“The good thing is, there is something you can do. You can make changes to your lifestyle and you can get medical treatment that can reduce your risk of heart disease.

“one of the most important things is knowing your risk. And if you find you are at risk, don’t put off seeing your doctor. My colleagues and I get women coming to us saying they don’t want to waste our time. But it’s not a waste of our time, we’d much rather people came to see us. If their heart is okay, great. If not, it could save their life.”

People who have had heart disease or symptoms or who are at high risk should see their GP before starting an exercise programme. People who have been doing no exercise should build up gradually.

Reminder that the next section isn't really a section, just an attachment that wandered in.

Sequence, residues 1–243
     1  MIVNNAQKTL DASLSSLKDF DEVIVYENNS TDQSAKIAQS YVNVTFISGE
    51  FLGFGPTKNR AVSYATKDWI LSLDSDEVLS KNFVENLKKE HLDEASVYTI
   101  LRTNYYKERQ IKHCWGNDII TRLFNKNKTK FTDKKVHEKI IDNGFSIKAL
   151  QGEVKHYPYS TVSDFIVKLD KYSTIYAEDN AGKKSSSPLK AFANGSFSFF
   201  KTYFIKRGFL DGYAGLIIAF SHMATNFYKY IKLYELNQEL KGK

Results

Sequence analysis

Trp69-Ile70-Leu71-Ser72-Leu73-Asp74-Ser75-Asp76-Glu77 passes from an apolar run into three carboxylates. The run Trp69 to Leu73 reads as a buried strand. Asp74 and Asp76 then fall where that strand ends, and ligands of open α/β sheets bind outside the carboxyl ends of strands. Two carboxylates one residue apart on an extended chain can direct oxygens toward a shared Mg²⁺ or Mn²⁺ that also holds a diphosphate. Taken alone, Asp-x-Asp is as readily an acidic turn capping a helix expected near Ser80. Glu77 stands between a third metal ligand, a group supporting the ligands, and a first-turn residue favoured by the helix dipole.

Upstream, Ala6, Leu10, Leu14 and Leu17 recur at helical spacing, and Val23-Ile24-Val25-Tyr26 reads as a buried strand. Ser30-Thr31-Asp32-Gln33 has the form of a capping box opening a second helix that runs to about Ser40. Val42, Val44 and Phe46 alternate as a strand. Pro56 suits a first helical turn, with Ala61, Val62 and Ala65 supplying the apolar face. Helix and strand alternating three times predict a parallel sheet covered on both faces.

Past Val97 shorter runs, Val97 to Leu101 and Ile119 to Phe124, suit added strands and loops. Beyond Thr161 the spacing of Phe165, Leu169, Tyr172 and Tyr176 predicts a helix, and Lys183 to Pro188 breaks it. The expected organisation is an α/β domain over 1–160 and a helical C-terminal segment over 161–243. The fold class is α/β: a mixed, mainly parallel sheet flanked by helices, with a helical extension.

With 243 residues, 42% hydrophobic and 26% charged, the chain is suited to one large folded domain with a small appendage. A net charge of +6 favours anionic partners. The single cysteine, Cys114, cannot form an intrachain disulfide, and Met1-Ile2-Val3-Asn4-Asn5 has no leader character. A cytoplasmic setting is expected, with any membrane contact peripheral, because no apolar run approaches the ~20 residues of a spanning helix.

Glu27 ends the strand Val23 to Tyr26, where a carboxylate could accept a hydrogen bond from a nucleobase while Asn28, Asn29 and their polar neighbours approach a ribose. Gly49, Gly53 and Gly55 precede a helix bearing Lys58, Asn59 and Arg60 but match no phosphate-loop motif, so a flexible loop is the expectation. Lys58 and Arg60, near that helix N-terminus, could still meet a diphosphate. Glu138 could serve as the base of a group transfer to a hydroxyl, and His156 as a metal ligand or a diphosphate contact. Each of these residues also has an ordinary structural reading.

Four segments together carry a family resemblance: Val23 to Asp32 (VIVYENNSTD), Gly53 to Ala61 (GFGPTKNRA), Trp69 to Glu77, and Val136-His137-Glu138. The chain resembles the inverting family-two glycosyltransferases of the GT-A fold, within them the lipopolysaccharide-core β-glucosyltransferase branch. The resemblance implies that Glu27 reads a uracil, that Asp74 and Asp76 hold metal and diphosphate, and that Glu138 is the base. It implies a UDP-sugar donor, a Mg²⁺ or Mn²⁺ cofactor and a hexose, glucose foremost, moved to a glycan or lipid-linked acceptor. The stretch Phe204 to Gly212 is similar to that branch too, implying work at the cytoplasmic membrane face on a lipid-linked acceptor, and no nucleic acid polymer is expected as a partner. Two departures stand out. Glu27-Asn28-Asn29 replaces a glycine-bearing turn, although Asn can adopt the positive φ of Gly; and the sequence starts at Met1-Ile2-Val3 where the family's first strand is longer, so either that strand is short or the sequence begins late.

DIY heart test If you are an “apple” shape – that is you tend to carry weight around your middle rather than on your hips, bottom and thighs – you have a greater risk of heart disease.

Use a tape measure to measure your waist – if it is less than 80cm you probably don’t have to worry. But if it’s more than that and your waist is not much smaller than your hips (or bigger) then you have a greater risk.

Know your risk factors Answer the following questions to see if you are likely to develop heart problems.

  • Are you a woman over 55?

  • Are you a man over 45?

  • Do you smoke?

  • Are you of Maori or Pacific Island descent?

  • Are you overweight?

  • Do you have high blood pressure?

  • Do you have high cholesterol?

  • Do you have a family history of heart disease?

  • Do you have diabetes?

  • Do you have angina?

  • Have you ever had a heart attack, stroke or transient ischaemic attack (TIA)?

Did you say yes?

The more times you answered yes, the greater your risk of having a heart attack or stroke.